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Nritya Natya Kala Bharati's “Cloud Messenger” – creativity plus talent

By: Girish Modi & Viren Mayani
April 2011
Nritya Natya Kala Bharati's “Cloud Messenger” – creativity plus talent Kumud and Sandeep Savla, accompanied by the NNKB teachers Priya, Samta, Yashwant, Atrayee and Athi, first lit the traditional diya. Then Kumud and the advanced students performed a Kathak dance describing the Hanuman Chalisa, asking Hanumanji for blessings of strength and purity.

The first half of the recital began with classical dance, with live musicians in the background—the Savlas never use CD tracks for this—for the Sanskrit lyric poem “ Meghaduta ” (Cloud Messenger) by poet-playwright Kalidasa, who lived perhaps between 380-415 AD. This hour and a half long performance spanned 16 episodes, and over 100 students participated. Yaksha was played by Aditya Prem, Yakshini by Samta Savla, Megh by Priya Choksi, Kuber by Raheem Budhan and Sutradhar by Vasanta Chivukula.

The story: Yaksha, a subject of King Kuber, neglects his duties and is sentenced to a year-long exile, separated from his wife Yakshini. Yaksha asks a passing cloud to take a message to his wife, convincing the cloud by describing the many beautiful sights the cloud will see on its northward course from Ramgiri Mountain to Alakapuri. Meghaduta’s travel includes crossing of mountains, forests, rivers, the cities of Ujjain and Kurukshetra, the Himalayas and Mount Kailas.

More then three months of practice went into the show so that the audience could enjoy all from the basic steps of the enchanting four-year-olds to the more complex and breath taking rhythmic circles, hand movements and vigor of the older teenagers.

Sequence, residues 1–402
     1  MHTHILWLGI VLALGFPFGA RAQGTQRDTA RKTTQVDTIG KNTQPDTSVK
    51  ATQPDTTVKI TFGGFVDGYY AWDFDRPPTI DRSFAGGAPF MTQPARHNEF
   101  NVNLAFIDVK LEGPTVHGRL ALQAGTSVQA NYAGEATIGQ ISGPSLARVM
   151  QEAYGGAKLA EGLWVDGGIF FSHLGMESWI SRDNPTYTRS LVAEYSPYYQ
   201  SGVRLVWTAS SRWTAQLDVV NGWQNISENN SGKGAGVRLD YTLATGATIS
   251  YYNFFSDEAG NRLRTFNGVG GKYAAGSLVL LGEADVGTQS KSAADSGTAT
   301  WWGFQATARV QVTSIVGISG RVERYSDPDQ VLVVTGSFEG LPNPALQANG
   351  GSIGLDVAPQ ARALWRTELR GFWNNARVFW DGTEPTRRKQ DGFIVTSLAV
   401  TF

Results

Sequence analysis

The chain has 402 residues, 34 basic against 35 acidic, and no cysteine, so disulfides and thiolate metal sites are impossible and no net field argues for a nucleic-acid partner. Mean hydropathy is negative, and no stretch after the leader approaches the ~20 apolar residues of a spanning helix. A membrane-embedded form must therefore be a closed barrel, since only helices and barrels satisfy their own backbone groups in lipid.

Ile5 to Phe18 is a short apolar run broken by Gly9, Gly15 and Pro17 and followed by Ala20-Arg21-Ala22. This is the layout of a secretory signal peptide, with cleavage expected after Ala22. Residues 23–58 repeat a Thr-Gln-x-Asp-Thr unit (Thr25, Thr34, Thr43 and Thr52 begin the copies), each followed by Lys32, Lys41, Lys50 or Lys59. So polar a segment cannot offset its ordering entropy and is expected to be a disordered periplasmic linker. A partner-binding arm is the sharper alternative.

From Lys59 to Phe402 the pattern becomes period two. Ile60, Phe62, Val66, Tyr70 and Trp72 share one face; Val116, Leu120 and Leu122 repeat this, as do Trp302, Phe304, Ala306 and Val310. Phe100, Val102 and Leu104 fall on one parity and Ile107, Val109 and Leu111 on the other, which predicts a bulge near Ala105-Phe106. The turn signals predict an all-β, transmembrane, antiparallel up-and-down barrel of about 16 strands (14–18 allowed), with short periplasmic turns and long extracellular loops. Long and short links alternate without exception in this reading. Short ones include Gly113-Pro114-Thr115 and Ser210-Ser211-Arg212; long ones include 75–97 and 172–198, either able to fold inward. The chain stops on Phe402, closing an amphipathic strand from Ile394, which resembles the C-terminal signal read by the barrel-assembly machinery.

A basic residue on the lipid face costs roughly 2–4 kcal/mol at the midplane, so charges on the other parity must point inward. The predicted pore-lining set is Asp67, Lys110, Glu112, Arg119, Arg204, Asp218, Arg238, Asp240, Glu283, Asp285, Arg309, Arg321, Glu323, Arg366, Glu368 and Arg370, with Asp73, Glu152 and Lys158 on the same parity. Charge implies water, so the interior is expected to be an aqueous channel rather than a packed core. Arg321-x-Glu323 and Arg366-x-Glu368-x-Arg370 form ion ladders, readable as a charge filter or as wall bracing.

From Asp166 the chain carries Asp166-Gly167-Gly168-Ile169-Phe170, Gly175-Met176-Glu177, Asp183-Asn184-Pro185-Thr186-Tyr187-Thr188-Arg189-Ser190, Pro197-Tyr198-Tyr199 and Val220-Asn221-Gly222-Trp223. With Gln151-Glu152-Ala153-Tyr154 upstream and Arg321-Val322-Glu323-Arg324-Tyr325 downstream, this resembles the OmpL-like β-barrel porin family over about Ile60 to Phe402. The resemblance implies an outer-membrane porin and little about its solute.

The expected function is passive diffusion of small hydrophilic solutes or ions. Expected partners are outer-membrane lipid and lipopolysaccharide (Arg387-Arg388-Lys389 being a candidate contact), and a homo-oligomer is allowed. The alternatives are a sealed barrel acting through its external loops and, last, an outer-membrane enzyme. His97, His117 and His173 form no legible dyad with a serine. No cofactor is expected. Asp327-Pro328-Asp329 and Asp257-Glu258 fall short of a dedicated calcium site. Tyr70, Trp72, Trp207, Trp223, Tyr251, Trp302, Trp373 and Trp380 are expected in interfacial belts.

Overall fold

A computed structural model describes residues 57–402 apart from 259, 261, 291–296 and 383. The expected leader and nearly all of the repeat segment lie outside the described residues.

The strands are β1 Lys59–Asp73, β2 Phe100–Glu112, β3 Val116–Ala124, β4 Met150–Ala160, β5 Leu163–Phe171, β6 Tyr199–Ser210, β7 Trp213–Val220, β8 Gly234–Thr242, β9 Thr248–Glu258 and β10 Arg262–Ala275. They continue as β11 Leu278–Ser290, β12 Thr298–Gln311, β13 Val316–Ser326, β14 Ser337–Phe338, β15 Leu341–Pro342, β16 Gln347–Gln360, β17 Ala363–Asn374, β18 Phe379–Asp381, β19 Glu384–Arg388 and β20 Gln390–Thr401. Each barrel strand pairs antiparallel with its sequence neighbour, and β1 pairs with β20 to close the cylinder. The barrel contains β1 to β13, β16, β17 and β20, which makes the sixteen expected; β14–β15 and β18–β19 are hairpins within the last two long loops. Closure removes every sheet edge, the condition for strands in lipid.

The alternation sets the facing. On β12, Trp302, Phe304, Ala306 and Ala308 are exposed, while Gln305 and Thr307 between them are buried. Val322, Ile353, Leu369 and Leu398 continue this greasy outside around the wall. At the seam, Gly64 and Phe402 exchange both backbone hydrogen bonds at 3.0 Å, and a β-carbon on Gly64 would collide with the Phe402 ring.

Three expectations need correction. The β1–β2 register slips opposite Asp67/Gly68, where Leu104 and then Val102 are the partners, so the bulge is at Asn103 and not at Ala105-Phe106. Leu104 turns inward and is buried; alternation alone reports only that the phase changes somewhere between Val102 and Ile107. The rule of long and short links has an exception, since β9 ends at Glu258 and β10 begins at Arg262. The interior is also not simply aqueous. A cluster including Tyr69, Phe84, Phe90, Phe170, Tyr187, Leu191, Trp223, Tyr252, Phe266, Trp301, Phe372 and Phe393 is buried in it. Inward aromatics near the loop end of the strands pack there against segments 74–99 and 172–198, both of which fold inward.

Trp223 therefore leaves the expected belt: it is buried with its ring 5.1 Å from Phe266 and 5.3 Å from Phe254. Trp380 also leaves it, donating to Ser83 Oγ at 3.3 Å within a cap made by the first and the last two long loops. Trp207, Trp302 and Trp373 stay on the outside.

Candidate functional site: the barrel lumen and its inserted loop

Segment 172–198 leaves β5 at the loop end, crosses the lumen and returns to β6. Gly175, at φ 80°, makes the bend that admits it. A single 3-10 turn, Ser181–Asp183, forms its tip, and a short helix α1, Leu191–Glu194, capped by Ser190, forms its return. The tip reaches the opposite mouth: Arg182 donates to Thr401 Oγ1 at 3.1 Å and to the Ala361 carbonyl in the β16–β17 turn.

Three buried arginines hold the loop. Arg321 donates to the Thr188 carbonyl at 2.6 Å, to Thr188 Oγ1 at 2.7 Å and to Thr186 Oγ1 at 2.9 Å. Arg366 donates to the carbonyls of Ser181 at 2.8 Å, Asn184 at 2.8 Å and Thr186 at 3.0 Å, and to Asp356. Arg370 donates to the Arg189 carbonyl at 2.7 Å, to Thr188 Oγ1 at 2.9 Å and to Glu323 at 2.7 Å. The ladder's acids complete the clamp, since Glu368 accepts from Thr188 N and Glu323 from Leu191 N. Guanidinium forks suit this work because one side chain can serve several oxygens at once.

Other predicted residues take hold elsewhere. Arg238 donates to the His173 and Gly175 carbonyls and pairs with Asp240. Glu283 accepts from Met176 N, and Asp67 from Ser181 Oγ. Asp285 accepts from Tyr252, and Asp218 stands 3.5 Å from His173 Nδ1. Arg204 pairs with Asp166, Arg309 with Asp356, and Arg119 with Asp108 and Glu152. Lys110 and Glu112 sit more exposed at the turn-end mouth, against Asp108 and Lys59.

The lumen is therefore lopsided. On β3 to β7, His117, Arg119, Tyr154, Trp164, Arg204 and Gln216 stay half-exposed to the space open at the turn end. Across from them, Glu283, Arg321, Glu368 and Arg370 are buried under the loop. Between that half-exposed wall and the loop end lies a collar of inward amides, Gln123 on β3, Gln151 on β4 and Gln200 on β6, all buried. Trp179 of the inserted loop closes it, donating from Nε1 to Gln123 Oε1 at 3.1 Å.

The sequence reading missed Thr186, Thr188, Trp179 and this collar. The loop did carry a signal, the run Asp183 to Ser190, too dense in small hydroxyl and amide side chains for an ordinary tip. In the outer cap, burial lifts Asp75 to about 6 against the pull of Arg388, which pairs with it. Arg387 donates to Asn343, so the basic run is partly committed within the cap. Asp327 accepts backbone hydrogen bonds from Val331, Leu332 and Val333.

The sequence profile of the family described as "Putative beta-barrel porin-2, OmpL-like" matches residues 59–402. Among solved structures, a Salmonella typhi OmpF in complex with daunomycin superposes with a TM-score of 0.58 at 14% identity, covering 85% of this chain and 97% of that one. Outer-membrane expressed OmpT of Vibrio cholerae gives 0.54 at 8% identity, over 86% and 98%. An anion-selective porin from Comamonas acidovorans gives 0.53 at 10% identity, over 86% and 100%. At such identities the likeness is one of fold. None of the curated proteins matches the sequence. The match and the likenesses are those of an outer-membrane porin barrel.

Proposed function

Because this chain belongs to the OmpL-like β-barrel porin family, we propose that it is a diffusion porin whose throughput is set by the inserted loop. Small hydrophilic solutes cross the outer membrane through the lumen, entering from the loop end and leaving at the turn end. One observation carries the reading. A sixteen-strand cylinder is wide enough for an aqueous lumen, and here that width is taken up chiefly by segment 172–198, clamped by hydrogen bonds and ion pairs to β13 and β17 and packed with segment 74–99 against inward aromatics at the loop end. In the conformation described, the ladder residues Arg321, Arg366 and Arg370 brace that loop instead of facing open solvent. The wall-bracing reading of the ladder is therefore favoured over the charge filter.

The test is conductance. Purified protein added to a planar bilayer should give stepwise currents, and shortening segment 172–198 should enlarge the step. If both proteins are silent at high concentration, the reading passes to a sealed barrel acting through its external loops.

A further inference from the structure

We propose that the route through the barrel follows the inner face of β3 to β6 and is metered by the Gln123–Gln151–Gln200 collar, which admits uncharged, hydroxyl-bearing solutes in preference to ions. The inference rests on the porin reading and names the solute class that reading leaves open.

Music director Sandeep Savla played keyboard, with Preeti Uttam (daughter of Bollywood music Director Uttam Singh) as lead female singer, and Ahin Das as lead male singer. Preeti’s rendition of “Sakhi main kaise ang sajaun” in Raga Kafi,when Yakshini sings in anticipation of meeting Yaksha, was soul-stirring. Sandeep, Ahindas and Atrayee sang for other parts, and Kumud Savla's recitation and bol led the dance items. The academy's young singers, Sarayu, Deeya, Navin and Neha sang “Titali Kitne Rango Wali.” Musicians included Apurva – flute, Phillip – pakhawaj, Debapriya – tabla, Ganesh – duff, dholak, and dhol, Sohail – electronic percussion, Jayur – acoustic percussion, Arun – guitar, and Athi – bass, and the hall was filled with the sounds of the Himalayas.

“Elements” was the theme for the second half: a variety of colorful folk dances and engaging and amusing Bollywood dances depicted Earth, Sky, Water, Fire, and Air. “ Radha Kaise Na Jale”was much appreciated, with witty constumes depicting Radha on the front and Krishna on the back (similar to a dance number in the film Navrang).

“Udi” from Gujharish was performed by the NNKB teachers; “Behene De” from Ravan had modern choreography; and a bhangra went with an energetic Rang De Basanti hit tune. The grand finale was the patriotic song “ Mere Desh ki Dahrti” from Upkar, when all the participantsentered the stage in groups and danced in a colorful number. Even the bullock cart made a return appearance!

The students demonstrated grace and poise. The cutest are always the little ones, dressed in beautiful Indian outfits, with eyes wide, missing teeth or wearing braces, smiling and reciting the Kathak bols under the guidance of Kumud—they are so cute. Emcee for the evening was the charming Viren Mayani whose natural warmth, knowledge of music and comfort on stage kept the evening rolling.

NNKB has instituted a dance and music certification program affiliated with Gandharva Mahavidyalaya of Pune, and its layered approach is in keeping with its dedication to produce world-class artists.


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